Maybe not wrong with a capital W, but there is a way to get your diamond cleaner - if you care enough.
Lots of people do not care enough to bother.

When cleaning fluid, contaminated with gunk from jewelry, is left to air dry the liquid evaporates, but the gunk does not.
Gunk residue remains on your diamond, and extra gunk accumulates at the last area to dry, near the prongs.

The only way to prevent this is to blow away the contaminated cleaning fluid with a blast of air that is strong enough to accelerate all the fluid OFF the diamond.
This must be done immediately, while your jewelry is still dripping wet.
Heat from a hair dryer only speeds up the evaporation, and a hair dryer's air pressure is too low to blow off the liquid near the prongs.

This is not my opinion.
It's in the NASA training manual for assemblers who solder parts onto gizmos that ends up in space on big gizmos that cost millions, even billions of dollars.
I worked in this field over 20 years.
 
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winnietucker

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@kenny I’m going to try the canned air method. I clean my stuff a few times a week in my ultrasonic cleaner so I may invest in one of these machines. Always finding something new I want on PS lol.
 

the_mother_thing

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I don't know whether I've ever used that hand dryer ... but I do know some should be banned because their SPL is so high they MUST cause some hearing damage.

I appreciate the offer of help, but with my personality I'd need to try this gizmo myself.
Nothing personal, and I may be a butthead for saying this, but the only person I trust with this test is myself.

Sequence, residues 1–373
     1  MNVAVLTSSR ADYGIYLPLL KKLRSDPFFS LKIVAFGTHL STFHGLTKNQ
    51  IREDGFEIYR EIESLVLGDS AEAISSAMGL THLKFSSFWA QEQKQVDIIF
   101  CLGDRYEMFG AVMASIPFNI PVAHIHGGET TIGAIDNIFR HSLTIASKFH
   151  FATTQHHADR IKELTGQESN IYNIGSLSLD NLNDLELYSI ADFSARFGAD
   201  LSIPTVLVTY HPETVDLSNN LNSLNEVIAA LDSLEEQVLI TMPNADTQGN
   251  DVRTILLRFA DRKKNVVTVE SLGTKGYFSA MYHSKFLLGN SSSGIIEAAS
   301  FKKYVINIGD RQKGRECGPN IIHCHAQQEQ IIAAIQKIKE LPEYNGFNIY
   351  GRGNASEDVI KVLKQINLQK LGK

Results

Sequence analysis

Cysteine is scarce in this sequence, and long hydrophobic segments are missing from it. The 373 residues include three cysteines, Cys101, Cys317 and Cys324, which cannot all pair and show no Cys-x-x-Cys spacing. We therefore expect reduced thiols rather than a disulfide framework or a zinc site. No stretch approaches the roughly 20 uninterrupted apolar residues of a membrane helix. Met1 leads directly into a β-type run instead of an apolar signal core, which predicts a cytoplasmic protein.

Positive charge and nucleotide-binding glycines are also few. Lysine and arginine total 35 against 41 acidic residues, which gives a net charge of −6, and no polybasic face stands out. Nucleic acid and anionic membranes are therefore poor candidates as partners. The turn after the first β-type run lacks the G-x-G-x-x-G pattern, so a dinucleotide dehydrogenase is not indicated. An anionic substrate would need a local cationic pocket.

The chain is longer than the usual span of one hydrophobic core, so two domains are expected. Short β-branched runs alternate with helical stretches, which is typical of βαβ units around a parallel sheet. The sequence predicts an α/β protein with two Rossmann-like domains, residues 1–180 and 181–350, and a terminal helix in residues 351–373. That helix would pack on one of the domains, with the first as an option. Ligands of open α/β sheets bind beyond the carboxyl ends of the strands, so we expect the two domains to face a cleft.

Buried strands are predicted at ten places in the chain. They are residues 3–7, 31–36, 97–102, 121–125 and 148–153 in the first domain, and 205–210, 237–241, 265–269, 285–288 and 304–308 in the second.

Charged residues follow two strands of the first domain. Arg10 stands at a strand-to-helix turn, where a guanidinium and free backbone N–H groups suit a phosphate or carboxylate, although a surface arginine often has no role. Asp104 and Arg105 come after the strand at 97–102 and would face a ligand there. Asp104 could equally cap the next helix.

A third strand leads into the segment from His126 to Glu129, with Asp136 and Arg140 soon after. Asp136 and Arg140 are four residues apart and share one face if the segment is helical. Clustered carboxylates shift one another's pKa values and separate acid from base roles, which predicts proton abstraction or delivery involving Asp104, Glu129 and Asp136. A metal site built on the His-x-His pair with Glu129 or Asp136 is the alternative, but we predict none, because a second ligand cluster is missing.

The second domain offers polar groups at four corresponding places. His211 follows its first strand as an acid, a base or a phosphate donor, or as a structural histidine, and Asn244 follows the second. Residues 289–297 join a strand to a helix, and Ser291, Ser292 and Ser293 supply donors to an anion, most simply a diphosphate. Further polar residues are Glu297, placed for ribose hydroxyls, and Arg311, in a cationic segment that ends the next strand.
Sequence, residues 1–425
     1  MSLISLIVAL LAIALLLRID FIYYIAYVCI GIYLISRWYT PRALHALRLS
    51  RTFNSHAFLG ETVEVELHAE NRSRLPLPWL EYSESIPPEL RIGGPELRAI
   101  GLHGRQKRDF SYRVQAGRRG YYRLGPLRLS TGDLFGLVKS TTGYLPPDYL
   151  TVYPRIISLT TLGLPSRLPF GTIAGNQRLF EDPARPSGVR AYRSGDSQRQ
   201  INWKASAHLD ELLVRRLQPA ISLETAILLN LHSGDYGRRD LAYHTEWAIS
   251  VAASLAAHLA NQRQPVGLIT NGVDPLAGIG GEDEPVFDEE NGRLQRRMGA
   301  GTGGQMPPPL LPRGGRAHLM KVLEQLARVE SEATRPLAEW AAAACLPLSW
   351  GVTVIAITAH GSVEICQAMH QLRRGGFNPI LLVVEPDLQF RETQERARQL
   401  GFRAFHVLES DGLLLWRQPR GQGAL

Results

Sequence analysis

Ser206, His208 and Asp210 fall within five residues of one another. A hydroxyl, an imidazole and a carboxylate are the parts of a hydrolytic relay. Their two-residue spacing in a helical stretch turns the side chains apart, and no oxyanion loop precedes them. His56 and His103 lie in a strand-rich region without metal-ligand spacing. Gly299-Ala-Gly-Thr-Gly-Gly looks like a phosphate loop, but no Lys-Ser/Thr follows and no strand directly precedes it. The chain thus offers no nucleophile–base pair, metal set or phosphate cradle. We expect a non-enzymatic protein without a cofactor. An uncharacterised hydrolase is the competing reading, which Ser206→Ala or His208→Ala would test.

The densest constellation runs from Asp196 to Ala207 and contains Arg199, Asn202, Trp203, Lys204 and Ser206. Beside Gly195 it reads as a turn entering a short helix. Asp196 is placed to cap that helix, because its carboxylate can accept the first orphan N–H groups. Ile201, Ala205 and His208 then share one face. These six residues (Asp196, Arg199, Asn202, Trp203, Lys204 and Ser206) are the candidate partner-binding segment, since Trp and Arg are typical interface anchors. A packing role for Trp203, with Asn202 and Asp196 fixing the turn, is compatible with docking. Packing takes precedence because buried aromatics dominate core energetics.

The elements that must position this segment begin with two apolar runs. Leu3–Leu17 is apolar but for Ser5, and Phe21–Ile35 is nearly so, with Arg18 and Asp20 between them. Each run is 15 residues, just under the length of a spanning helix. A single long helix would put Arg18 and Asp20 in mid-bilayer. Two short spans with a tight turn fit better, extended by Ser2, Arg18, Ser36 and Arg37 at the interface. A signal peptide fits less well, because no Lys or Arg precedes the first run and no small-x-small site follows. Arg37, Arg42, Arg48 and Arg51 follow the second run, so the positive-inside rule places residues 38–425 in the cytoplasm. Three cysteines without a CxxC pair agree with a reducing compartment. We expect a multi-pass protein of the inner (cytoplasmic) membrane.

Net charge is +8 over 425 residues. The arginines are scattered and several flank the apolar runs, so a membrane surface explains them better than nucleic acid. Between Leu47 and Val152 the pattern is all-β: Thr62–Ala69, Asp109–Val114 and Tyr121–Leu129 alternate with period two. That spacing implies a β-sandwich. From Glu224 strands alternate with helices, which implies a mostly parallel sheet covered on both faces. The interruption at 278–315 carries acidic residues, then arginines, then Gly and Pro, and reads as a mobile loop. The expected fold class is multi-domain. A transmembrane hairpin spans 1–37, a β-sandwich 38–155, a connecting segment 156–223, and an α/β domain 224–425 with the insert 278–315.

By all means, DIY ... my feelings aren’t hurt in the least, and I will probably still do it tomorrow and take/post pics, just because I want to see it in brighter, natural daylight. I can say that when I inspected my ACA after cleaning & drying it (indoors in evening, so artificial light), I saw zero residue ... and that was with a loupe via video, which is how I prefer to loupe my things because it’s much easier & less strain on my eyes to see than only with the loupe itself. (I clip my 10x loupe onto my tablet and go on video mode ... and now what was about an inch ... is 10" and much easier to view detail).

But re: that hand dryer, I was referring to the force/power of the blower, not the noise level. I noted above, it’s about as loud as a hair dryer or shopvac. Also, this particular model/seller offers free returns (part of why I went with them); I didn’t see anything like this available locally.
Lowe’s does offer this one, and it has a couple additional attachments, but was a smidge heavier than the one I went with. The Lowe’s site listing doesn’t have a lot of reviews, but Amazon also has that same model with a ton of reviews, in case you’d prefer to shop local at Lowe’s for ease of potential return.
 

kenny

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The max power this product produces is only 3 PSI, for while canned air it's 145 PSI.
I, for one, won't be buying one.

PSI is pounds per square inch, the unit of force used to describe the force of the gas coming out of the nozzle of the can or gun.

IMO it's very tacky and dishonest these new things are advertised as equivalent alternatives to canned air when they produce only 2% of the power. :nono:

3 PSI may be adequate for some applications, but not for mine.